Impeachment trial security crackdown will limit Capitol press access
Press pens and ‘no walking and talking’ draw criticism from press corps advocates

Sen. Roy Blunt, R-Mo., talks with reporters in the Capitol after the Senate Policy luncheons on Tuesday. (Tom Williams/CQ Roll Call)

The Senate sergeant-at-arms and Capitol Police are launching an unprecedented crackdown on the Capitol press corps for the impeachment trial of President Donald Trump, following a standoff between the Capitol’s chief security officials, Senate Rules Chairman Roy Blunt and the standing committees of correspondents.

Capitol Police Chief Steven A. Sund and Senate Sergeant-at-Arms Michael C. Stenger will enact a plan that intends to protect senators and the chamber, but it also suggests that credentialed reporters and photographers whom senators interact with on a daily basis are considered a threat.

Impeachment articles’ path to Senate governed by rules and precedent
Before trial starts, expect pomp, circumstance and ceremony

The articles of impeachment against President Bill Clinton lie on the desk of Secretary of the Senate Gary Sisco on Dec. 19, 1998, after House Judiciary Chairman Henry J. Hyde delivered them from the House floor after the impeachment votes. (Scott J. Ferrell/CQ Roll Call file photo)

Correction appended Jan. 14, 2:10 p.m. | The expected House vote this week to name impeachment managers for the Senate trial and authorize them to spend House funds will set in motion a set of established steps that will guide the articles of impeachment from the House to the Senate.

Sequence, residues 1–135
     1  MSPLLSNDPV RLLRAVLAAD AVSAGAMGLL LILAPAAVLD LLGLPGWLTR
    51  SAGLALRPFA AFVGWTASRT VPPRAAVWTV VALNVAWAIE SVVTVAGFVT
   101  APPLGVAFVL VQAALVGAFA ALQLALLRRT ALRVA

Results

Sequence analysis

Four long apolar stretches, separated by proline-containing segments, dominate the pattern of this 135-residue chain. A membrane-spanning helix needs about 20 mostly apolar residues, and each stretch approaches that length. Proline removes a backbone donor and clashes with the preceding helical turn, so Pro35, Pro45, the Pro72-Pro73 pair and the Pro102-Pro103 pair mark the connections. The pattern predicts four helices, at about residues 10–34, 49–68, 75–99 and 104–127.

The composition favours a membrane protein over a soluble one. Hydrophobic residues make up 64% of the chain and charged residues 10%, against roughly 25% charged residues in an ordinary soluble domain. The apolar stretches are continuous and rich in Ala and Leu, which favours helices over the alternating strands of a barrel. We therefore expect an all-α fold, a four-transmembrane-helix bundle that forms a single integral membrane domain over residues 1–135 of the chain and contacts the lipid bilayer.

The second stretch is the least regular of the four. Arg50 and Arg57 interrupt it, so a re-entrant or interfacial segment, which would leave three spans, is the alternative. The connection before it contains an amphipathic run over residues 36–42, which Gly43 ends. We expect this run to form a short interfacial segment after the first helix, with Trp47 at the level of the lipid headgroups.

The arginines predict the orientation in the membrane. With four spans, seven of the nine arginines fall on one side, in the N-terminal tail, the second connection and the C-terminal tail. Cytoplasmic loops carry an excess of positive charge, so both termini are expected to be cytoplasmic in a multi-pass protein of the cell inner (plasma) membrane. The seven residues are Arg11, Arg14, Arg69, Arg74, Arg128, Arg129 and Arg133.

The resolution, which won’t be released until Speaker Nancy Pelosi meets with her caucus Tuesday morning, will appoint managers who will act as prosecutors during the Senate trial that will determine whether the impeached President Donald Trump is removed from office. They will present the case for the House impeachment articles, approved in December, which charge the president with abuse of power and obstruction of Congress.

Climate-focused Democrats hope for November reward
They seek to solidify themselves as the party of climate action

Jane Fonda, center, and Susan Sarandon, red scarf, march toward the Capitol on Friday during a weekly rally to call for action on climate change. (Tom Williams/CQ Roll Call)

House Democrats know that their “comprehensive” climate plans are unlikely to see the light of day in Majority Leader Mitch McConnell’s Senate and face vetoes by a president who has at times rejected the scientific consensus on global warming.

But there’s a strategy afoot to solidify Democrats’ election-year banner as the party of climate action and lure young, independent and even Republican voters disgruntled with the Trump administration’s retreat on environmental issues, analysts say.

At the Races: Quite a year already

By Stephanie Akin, Bridget Bowman and Simone Pathé 

Welcome to At the Races! Each week we’ll bring you news and analysis from the CQ Roll Call team that will keep you informed about the 2020 election. Know someone who’d like to get this newsletter? They can subscribe here.

Trump Iran address comes as congressional plans on War Powers in flux
Trump threatens more sanctions against Iran as he makes move to deescalate tensions

President Donald Trump is seen on a television in the House Subway tunnel below the U.S. Capitol as he speaks to the nation about tensions with Iran. (Bill Clark/CQ Roll Call)

President Donald Trump on Wednesday signaled a cooling of tensions with Tehran after it struck U.S. military targets inside Iraq, saying in a national address that “Iran appears to be standing down.”

He called that “a good thing for all parties concerned and for the world.”